This colorful history of Pancho Villa as a propagandist tells how the legendary guerrilla waged war not only on the battlefield but also in the mass media, where he promoted his foreign policy of friendship with the United States in a bid to gain American backing for the Mexican Revolution between 1913 and 1915.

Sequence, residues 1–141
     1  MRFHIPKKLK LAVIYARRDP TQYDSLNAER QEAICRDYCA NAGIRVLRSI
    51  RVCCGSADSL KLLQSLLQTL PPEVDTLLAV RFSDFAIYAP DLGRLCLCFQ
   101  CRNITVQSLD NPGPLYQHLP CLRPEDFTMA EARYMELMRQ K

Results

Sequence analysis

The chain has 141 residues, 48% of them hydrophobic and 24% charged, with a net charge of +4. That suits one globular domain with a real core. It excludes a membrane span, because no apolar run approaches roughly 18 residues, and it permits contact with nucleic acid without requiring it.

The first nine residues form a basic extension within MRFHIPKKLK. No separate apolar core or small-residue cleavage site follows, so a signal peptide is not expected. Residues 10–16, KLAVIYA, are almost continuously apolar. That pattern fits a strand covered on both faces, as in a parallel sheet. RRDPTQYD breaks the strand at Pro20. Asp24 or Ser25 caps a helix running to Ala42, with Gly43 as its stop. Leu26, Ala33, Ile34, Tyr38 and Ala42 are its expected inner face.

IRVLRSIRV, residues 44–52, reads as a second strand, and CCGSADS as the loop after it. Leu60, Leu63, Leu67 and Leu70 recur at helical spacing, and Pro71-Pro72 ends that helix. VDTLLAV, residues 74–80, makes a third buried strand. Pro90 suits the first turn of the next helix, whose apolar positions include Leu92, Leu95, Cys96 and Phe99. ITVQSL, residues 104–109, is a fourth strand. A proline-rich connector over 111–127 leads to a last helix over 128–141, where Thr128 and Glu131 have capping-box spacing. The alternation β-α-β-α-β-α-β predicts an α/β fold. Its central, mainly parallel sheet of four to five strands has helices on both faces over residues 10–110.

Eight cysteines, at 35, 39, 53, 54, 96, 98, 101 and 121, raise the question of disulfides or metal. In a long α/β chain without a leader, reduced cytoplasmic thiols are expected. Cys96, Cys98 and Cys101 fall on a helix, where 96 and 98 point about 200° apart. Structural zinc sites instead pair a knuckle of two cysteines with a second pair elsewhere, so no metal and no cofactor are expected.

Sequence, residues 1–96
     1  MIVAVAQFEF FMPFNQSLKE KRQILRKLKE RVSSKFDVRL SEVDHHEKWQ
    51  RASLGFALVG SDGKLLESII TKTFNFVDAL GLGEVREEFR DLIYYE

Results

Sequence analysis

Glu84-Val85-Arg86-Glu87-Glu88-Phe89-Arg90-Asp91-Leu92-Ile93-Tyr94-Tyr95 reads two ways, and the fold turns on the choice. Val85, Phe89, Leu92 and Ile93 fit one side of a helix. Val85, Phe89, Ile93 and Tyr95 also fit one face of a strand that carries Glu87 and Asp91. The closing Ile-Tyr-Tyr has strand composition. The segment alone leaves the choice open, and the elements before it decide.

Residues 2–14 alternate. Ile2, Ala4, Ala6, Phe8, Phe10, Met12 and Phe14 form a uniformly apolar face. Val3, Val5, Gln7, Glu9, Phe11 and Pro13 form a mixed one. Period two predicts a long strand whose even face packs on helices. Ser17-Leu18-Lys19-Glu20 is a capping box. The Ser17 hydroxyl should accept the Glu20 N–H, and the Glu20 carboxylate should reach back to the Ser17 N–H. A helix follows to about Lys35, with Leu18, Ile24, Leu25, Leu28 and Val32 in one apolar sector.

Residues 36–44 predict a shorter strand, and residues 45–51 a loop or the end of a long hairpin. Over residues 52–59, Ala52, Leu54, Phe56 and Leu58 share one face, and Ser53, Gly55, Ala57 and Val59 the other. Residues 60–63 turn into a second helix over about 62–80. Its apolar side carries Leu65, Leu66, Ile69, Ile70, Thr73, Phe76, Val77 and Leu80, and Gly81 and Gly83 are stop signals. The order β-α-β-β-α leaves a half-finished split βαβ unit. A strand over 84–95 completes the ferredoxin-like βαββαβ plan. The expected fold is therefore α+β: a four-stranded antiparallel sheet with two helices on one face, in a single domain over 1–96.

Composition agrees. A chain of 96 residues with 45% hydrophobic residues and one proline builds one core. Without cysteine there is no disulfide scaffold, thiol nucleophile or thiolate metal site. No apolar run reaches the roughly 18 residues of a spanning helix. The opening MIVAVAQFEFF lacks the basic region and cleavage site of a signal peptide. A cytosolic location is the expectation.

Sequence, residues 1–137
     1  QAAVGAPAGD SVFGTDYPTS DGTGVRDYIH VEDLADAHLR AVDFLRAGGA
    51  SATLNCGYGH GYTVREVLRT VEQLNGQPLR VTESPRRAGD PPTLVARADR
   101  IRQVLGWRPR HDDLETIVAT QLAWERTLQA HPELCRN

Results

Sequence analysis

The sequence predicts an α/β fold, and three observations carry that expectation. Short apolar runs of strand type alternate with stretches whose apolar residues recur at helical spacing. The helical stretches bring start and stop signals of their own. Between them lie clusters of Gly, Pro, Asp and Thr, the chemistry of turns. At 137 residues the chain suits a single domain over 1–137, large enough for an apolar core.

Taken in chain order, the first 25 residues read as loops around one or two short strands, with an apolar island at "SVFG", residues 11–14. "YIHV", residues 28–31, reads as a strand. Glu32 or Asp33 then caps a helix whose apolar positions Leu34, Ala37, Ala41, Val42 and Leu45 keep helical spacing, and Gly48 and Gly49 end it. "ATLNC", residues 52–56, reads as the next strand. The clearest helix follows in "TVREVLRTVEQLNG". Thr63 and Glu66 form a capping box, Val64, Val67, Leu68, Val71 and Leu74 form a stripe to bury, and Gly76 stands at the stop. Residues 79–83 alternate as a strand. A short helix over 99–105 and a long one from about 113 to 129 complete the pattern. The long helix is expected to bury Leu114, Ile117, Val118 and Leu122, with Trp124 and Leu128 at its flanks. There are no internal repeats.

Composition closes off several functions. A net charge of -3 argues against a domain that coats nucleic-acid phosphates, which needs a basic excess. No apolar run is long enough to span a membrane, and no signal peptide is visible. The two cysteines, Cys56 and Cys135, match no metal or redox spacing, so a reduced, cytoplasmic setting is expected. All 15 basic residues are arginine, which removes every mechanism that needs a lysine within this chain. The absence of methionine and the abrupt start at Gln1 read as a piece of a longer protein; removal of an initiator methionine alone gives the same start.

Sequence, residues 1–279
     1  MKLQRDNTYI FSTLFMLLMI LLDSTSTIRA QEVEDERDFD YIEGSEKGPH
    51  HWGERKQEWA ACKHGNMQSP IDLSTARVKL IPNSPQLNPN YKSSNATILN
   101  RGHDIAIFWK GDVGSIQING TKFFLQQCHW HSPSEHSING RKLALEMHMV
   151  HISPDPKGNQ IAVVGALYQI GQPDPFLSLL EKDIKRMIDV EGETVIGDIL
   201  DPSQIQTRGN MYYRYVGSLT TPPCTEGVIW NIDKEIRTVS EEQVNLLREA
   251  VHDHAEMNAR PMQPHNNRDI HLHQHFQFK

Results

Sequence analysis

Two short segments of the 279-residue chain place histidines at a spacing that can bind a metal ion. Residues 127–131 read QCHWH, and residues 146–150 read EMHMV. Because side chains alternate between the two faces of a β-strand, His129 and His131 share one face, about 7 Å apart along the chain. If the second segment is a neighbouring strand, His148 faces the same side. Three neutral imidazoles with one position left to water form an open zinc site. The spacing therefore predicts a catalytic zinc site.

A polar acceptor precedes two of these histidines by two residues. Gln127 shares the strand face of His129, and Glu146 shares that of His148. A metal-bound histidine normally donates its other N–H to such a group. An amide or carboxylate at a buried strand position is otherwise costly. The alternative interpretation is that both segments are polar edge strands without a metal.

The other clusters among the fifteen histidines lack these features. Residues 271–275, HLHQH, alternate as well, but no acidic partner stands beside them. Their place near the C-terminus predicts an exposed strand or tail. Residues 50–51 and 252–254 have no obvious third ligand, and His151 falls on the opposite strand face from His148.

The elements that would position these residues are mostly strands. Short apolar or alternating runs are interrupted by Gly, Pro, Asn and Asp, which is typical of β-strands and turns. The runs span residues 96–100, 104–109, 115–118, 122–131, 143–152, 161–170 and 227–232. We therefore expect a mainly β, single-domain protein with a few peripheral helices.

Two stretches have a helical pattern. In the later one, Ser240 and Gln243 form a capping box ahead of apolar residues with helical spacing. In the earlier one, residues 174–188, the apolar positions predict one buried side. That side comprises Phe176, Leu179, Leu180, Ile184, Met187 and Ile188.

Mark Cronlund Anderson explores issues of race, identity, and the power of the mass media to explain how Villa dueled with his archrivals, Mexican dictator Victoriano Huerta and Villa’s ostensible colleague-in-arms, Venustiano Carranza, using a sophisticated public-relations machine.

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